8. TekGreg

    TekGreg Lifetime Supporting Member Lifetime Supporter

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    An even better response

    Schmeekey, I did some more research and found out some more information for you.

    As the bullet is fired, the brass casing is under extremely high pressure and is locked into the chamber. As you know, when the bullet passes the gas port, escaping gasses go up into the gas tube and back toward the bolt and bolt carrier, forcing them to unlock and move back to cycle the action. However, if the bullet is still in the barrel when the bolt tries to unlock because there is a lot of barrel length it still has to travel before it exits, then the case still has too much pressure to release the chamber and the gun may not cycle. The opposite is also a problem when the barrel is very short. If the bullet exits the barrel too soon after passing the gas port, then you have too little dwell time and insufficient gas going down the tube back into the bolt and bolt carrier (since more more gasses end up escaping out of the end of the barrel). This also causes malfunctions. Again, this can be adjusted in a number of ways, size of gas port, size of gas tube, position of gas block, length of tube, etc.

    This is the best answer I could get for you at the moment. Stay tuned for further updates if I come up with something even more detailed - I may call Colt and talk to their gas specialist. :eek: :cool:
     
  9. Schmeekey

    Schmeekey New Member

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    Thank you again for putting in time to answer my question.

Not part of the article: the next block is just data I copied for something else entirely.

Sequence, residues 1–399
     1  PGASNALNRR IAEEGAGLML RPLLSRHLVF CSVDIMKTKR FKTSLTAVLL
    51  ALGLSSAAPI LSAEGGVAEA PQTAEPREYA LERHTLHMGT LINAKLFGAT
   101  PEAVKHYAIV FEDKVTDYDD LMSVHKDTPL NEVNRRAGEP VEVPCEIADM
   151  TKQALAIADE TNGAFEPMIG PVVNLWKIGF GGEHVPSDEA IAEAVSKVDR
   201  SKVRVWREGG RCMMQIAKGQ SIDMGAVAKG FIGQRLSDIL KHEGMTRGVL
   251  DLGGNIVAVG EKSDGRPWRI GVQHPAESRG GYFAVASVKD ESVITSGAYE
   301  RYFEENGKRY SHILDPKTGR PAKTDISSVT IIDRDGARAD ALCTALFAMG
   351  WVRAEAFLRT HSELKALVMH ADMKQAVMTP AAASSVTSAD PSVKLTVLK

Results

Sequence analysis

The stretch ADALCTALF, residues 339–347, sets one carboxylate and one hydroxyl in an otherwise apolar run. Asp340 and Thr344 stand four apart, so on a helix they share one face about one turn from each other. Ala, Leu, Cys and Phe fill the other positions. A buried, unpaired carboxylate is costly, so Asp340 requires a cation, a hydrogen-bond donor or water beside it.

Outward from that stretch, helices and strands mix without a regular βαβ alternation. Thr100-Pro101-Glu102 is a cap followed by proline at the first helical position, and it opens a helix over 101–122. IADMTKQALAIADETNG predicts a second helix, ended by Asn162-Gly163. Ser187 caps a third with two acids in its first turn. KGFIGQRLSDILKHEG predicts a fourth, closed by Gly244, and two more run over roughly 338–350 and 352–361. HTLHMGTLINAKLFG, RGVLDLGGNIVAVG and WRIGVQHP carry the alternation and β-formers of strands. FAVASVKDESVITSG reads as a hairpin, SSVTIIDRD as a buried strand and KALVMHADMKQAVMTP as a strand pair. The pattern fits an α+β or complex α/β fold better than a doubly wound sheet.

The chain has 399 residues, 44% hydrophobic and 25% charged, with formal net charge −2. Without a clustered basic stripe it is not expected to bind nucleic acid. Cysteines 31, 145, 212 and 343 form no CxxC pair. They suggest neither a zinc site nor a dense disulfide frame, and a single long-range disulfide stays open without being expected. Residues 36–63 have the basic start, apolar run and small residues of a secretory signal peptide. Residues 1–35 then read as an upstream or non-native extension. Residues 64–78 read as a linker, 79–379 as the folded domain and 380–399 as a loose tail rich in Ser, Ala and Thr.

10. Quentin

    Quentin New Member

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    Great answers, TekGreg!

    Just repeating some of the points, you probably can get a midlength gas system to work with a barrel shorter than 14.5" but it would take a lot of tuning to make it reliable with various ammo, increasing the gas port and playing with the buffer weight and spring, maybe even a light weight bolt carrier. Even in a 14.5" sometimes it's hard to get Wolf and other light powered ammo to be reliable with midlength gas.

    It's just not worth it so you see the carbine length gas in shorter barrels.
     
  11. TekGreg

    TekGreg Lifetime Supporting Member Lifetime Supporter

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    Quentin, absolutely correct, from what I can tell. The more tuning you do, the more specialized the platform becomes and the more finicky it will be about accepting types of ammunition and bullet weights. Manufacturers have to make a gas system that will devour every known weight/powder combo on the market and therefore are extremely limited by what can be put on a production gun.
     
  12. Quentin

    Quentin New Member

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    Very true, and that's why so many manufacturers have boring guns, they've got to work with almost all ammo a customer is likely to use, otherwise customer support will be a nightmare. When someone takes it upon themselves to assemble their own AR, he has to get up to speed quick on many issues or end up with that "finicky gun" no one wants. Tuning is great if you know exactly what's going on but for the average person it adds headaches.